Beyond the Breakthrough: Partnerships in Prevention

The theme of the 2019 National Sexual Assault Conference—Beyond the Breakthrough—sought to inspire the collective movement to end sexual violence and build on the momentum of the #MeToo movement. Ms. was the media sponsor for the conference—and expanded the discussions happening on-site with this dedicated series. Click here to read more posts. You can also watch interviews and conference sessions from #NSAC2019 on the Ms. Facebook!

RALIANCE joins several of our impact grantees at this year’s 2019 National Sexual Assault Conference (NSAC) in Philadelphia, PA. We are encouraged and inspired by the progress our grantees have accomplished, and we look forward to NSAC where attendees will be able to learn about this progress, prevention strategies, and lessons learned.

RALIANCE firmly believes sport is part of the solution to ending sexual violence in one generation—and so does the Metropolitan Organization to Counter Sexual Assault, who helped a network of 30,000 soccer coaches across the U.S. better understand sexual violence and prevention and have access to solutions for their teams during 2018-2019. 

Since 2015, RALIANCE has supported 62 projects to advance prevention solutions, driving over $2.7 million in funding to communities across the country. Learn more about MOCSA’s project and all the ways prevention can look in different communities via our searchable online RALIANCE Impact Grant Portal

We sat down with Melanie Austin, MOCSA’s Director of Education, to chat about her workshop with folks from United Soccer Coaches about the success of their partnership and sexual violence prevention tools and trainings for soccer coaches nationwide. 

Why are community partnerships so important to preventing sexual violence?

Strong community partnerships are a vital component in preventing sexual violence. Working collaboratively can increase program impact and generate innovation in prevention projects; additionally, community partners can leverage resources when working together to create a greater impact.

MOCSA does not have an online learning platform, but was able to create an online course for coaches with United Soccer Coaches who provide online education to their coaches across the U.S. Finally, community partnerships allow for reaching an audience with important prevention programming that may have not been reached in the past.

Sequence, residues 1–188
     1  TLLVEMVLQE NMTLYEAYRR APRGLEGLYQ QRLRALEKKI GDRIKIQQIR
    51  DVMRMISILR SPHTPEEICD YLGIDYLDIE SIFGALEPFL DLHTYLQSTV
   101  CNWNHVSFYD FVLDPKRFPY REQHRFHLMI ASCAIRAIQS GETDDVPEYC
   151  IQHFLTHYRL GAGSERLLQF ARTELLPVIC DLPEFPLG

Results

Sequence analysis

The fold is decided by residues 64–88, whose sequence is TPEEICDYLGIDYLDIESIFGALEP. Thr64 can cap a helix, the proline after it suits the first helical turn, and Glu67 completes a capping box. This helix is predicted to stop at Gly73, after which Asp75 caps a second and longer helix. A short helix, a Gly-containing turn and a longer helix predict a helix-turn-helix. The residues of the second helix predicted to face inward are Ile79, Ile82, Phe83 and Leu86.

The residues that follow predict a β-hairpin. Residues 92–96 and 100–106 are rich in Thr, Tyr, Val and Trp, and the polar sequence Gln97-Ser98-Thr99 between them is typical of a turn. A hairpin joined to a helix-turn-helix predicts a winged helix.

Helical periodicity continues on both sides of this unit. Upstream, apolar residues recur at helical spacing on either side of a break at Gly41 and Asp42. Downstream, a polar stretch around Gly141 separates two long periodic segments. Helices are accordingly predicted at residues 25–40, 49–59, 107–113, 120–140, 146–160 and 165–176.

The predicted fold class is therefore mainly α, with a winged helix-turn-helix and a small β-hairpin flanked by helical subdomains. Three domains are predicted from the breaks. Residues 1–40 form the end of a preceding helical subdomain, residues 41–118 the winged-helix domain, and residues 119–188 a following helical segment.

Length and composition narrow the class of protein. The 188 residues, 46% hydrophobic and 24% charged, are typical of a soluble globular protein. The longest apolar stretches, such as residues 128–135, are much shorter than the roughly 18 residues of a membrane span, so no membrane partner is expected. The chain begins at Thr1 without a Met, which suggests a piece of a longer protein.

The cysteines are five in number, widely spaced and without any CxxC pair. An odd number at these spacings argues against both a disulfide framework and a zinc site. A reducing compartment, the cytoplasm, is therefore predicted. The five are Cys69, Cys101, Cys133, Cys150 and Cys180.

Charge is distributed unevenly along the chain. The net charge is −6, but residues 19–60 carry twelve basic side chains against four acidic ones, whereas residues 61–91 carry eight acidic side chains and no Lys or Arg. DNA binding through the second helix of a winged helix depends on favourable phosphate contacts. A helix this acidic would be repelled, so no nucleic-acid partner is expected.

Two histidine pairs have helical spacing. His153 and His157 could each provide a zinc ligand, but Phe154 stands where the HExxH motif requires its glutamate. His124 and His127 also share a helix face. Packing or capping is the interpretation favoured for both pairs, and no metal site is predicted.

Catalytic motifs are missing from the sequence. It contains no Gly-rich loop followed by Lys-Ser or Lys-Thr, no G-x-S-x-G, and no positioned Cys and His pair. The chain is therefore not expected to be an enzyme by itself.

Tell us about the Coaches’ Toolkit and resources available to soccer teams.

MOCSA developed a Coaches’ Toolkit in partnership with United Soccer Coaches called Preventing Sexual Violence: The Facts. The toolkit provides basic information on sexual violence along with information around prevention skills including noticing inappropriate behavior, interrupting that behavior, supporting the person being hurt and reporting suspected abuse.

An additional resource for coaches is an online course available on United Soccer Coaches website. This free course was developed to educate coaches on how they can prevent and respond to sexual abuse and assault. Through this course, coaches learn how to notice signs of sexual abuse, learn how to interrupt situations that cross boundaries and practice strategies for supporting people that have experienced sexual abuse and assault. 

Is this replicable for other sports and communities? 

Replicating or scaling this project is possible and can be replicated with other sports organizations, clubs, or other membership groups. I can offer some key recommendations, too. 

Make sure to have a memorandum of agreement in place before starting your partnership with clear goals and objectives. This will give your project stability should staff transition occur at either organization. 

If possible, compensate all partners in your agreement for their time and effort on the project. 

Have a main point of contact at each organization that has authority to make higher-level decisions for the agency. This will help to keep the project on track and running efficiently.  

Create an adaptable timeline for project completion, with time to make adjustments as needed. Make time for regular check-ins as well. 

Finally, be open to feedback and adapt the project as needed.  


Julie Patrick is the National Partners Liaison for RALIANCE and the National Sexual Violence Resource Center. Her work focuses on changing the conversation about sexual violence through efforts with the news media as well as advocates, allies and survivors. Prior to RALIANCE, Julie served for over a decade as the Senior Special Projects Coordinator with the National Center for Missing and Exploited Children in Alexandria, VA and managed the National Coalition to Prevent Child Sexual Abuse & Exploitation.